Arthur Tedder was born on July 11, 1890 in Glengoyne, Scotland, south of Glasgow. In 1909 he entered Cambridge at Magdalene College where he studied. He is passionate about history and achieves an excellent academic level. At the same time, he enlisted as a reservist in the British Army and served as a second lieutenant in the Dorsetshire Regiment. In the summer of 1912 he went to Berlin to learn German. It is perhaps the preponderant role of the Foreign Ministers at this time that makes him want to pursue a career as a politician.
But entry into the First World War changes its destiny. In February 1914, when the war seemed inevitable, he joined the colonial troops as an aspirant and served in Fiji. In September 1914, he decided to return to England. Appointed lieutenant on January 10, 1915, he was seriously injured a month later while serving at Wyke Regis in Dorset.
Set aside from many physical activities, he asks for his transfer to the Royal Flying Corps, the predecessor of the Royal Air Force. Having been accepted to be trained as a pilot, he trained for a whole year and in June 1916, his squadron (No. 25 Squadron Royal Flying Corps) was deployed in France. Promoted to Major on 1 January 1917, he was transferred to Egypt where he took command of No. 67 Squadron on 25 June 1917.
After the war, he served as a squadron commander at Bircham Newton and flight instructor from 1923 until 1936, at various ranks and positions. Appointed Air Officer Commanding of the Air Force in the Far East, he took command of British units deployed in the region, both in Burma, Hong Kong and Borneo. In 1938, Arthur Tedder served as General Manager for Research at the Air Force Ministry.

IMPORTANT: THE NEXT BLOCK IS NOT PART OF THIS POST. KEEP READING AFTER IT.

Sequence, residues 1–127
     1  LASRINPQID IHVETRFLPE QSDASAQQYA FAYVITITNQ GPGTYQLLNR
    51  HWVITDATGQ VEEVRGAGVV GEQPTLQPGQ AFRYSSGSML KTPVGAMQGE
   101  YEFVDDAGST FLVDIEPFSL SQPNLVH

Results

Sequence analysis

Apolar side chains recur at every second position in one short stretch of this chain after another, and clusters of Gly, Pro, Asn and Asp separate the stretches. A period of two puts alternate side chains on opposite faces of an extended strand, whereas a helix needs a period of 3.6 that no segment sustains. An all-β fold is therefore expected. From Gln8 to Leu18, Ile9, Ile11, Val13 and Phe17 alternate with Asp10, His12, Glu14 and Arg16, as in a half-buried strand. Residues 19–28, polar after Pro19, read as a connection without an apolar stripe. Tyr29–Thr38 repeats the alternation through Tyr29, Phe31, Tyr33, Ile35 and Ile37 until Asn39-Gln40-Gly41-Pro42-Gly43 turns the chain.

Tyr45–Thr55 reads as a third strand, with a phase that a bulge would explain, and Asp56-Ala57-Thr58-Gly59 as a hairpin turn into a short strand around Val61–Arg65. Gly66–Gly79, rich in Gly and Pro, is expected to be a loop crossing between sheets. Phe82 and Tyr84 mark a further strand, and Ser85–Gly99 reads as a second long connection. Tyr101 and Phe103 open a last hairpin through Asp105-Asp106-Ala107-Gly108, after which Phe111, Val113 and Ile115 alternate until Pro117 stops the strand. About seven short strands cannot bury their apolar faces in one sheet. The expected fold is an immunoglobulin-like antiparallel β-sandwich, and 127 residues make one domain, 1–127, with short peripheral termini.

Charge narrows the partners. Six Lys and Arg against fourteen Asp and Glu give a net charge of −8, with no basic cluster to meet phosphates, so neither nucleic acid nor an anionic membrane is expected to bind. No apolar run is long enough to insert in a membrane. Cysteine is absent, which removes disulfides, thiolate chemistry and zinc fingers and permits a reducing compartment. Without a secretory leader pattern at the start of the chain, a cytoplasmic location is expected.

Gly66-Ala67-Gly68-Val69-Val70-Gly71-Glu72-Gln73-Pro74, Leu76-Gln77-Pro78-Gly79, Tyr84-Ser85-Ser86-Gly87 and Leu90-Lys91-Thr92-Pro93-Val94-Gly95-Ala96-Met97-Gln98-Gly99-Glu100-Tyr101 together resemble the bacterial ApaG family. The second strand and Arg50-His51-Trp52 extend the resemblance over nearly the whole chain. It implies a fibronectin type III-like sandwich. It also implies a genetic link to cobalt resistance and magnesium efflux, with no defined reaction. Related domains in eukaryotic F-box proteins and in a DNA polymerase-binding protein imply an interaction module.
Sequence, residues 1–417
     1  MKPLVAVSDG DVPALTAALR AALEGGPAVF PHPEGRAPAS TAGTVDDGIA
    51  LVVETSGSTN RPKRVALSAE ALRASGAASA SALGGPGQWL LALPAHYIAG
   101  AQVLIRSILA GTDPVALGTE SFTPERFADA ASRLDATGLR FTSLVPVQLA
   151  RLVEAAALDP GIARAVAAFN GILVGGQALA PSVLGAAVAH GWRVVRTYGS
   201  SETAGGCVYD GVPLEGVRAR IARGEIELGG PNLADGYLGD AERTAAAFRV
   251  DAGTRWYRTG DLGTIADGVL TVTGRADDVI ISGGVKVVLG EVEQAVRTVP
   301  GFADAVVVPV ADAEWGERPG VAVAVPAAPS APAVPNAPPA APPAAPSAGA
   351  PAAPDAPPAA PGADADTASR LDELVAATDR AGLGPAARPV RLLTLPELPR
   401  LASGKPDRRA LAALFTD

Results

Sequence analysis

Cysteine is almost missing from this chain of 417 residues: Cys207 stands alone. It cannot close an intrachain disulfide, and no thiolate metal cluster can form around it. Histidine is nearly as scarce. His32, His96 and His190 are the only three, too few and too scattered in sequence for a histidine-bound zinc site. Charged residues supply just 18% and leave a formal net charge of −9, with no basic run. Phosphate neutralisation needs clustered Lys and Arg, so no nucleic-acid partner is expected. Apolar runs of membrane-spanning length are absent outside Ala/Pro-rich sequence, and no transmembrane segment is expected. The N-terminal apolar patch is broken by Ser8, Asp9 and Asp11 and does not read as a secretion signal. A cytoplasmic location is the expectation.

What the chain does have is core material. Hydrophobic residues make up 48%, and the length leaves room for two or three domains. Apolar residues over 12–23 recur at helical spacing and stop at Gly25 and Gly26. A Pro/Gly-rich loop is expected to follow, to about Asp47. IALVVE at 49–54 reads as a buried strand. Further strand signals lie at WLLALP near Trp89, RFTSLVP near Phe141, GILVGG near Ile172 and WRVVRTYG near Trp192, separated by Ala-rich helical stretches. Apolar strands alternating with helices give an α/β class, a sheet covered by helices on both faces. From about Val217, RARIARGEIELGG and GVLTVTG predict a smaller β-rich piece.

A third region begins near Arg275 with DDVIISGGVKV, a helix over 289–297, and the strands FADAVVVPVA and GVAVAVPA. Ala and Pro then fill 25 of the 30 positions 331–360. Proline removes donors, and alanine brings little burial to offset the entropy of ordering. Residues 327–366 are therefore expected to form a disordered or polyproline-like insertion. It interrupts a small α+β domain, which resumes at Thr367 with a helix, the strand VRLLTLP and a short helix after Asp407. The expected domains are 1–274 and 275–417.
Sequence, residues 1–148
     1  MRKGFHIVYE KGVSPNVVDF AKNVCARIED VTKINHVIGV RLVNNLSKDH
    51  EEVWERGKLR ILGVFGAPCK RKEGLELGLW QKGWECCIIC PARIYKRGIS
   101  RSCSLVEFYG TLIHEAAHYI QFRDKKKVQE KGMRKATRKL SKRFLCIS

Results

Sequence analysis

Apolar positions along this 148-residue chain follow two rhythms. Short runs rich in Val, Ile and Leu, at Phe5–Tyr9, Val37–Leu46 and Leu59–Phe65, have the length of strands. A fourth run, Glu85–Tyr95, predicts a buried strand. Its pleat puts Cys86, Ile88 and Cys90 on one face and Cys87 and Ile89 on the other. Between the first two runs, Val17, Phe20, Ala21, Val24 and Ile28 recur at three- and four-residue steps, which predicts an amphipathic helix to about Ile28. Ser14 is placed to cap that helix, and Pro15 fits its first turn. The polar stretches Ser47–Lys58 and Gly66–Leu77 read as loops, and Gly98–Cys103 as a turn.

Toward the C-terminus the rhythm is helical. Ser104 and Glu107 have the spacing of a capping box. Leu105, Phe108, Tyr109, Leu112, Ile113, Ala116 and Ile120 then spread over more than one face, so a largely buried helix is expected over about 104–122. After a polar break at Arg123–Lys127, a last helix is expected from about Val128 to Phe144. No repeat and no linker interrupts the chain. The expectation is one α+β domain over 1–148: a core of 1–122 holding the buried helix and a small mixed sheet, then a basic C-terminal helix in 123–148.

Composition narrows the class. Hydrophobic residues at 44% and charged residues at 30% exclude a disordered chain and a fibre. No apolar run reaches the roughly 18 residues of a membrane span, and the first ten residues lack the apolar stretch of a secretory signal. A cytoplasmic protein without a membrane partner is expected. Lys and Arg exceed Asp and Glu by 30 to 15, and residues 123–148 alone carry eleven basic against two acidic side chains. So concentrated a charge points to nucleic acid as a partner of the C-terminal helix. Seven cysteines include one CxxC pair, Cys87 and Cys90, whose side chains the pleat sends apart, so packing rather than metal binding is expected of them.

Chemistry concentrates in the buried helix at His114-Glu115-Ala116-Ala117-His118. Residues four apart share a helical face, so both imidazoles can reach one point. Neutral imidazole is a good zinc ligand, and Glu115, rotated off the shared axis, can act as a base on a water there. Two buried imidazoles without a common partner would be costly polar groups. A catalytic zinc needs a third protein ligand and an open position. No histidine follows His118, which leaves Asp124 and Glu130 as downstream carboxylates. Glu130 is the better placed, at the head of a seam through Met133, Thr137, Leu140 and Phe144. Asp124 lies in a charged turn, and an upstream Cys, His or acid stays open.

Shortly after the start of the Second World War and despite the fact that his relations with Prime Minister Winston Churchill were not optimal, he was appointed commander-in-chief of the British Air Force in the Middle East. In May 1941 he led the evacuation of Crete Island and the Crusader operation in North Africa.
In January 1942, he became Knight. It sets up in North Africa a tactic of radical bombing, nicknamed by the military the “Tedder carpet”, in reference to “carpet bombing”, the carpet of bombs. In April 1942, he was appointed Air Marshal and took part in the Battle of El Alamein, from October 23 to November 5, 1942. At the end of the following year, he was temporarily promoted to Air Chief. Marshal and takes command of the Allied Air Forces in the Mediterranean, thus participating in preparations for the invasion in Sicily and Italy.
In 1943 his wife Rosalinde Maclardy died tragically before his eyes in the crash of his plane in Egypt.
His experience in the field of air operations preparation led him to assist General Eisenhower as Supreme Allied Commander in the planning of Operation Overlord. His first meeting with Ike was in December 1942 and the two soldiers got along very well. But this co-ordination post is not warlike because it does not directly command units. He regularly intervenes in the planning of the missions entrusted to General Trafford Leigh-Mallory, commander of the Allied Air Forces for Operation Overlord. On several occasions, he opposed the General Montgomery who led the command of the Allied Ground Forces and openly criticized his strategic choices, particularly in the Caen area where Anglo-Canadian troops difficult to cross the German lines. Tedder even asks Eisenhower to withdraw his command, without which it is without effect.
At the beginning of 1945, when the Germans launched Operation Nordwind and the Allies are in trouble in the Ardennes, Arthur Tedder is sent to the Soviet Union to ask Stalin to increase the armed pressure to the east. to relieve the western front. He is again sent as the representative of General Eisenhower to sign the treaty of unconditional surrender of the Germans on May 8, 1945.
After the Second World War, Tedder was appointed head of the British Air Force from 1946 to 1950. At that time he wrote the text “Air Power in Modern Warfare”, 1947). He continues to write and even becomes the Chancellor of the University of Cambridge. Appointed as British representative to the North Atlantic Treaty Organization (NATO) Military Committee in 1950, he also wrote his memoirs and developed his curiosity in the field of astronomy.
In the last years of his life, Arthur Tedder suffers from Parkinson’s disease. He died during surgery in Surrey, England, on June 3, 1967, when he was 76 years old.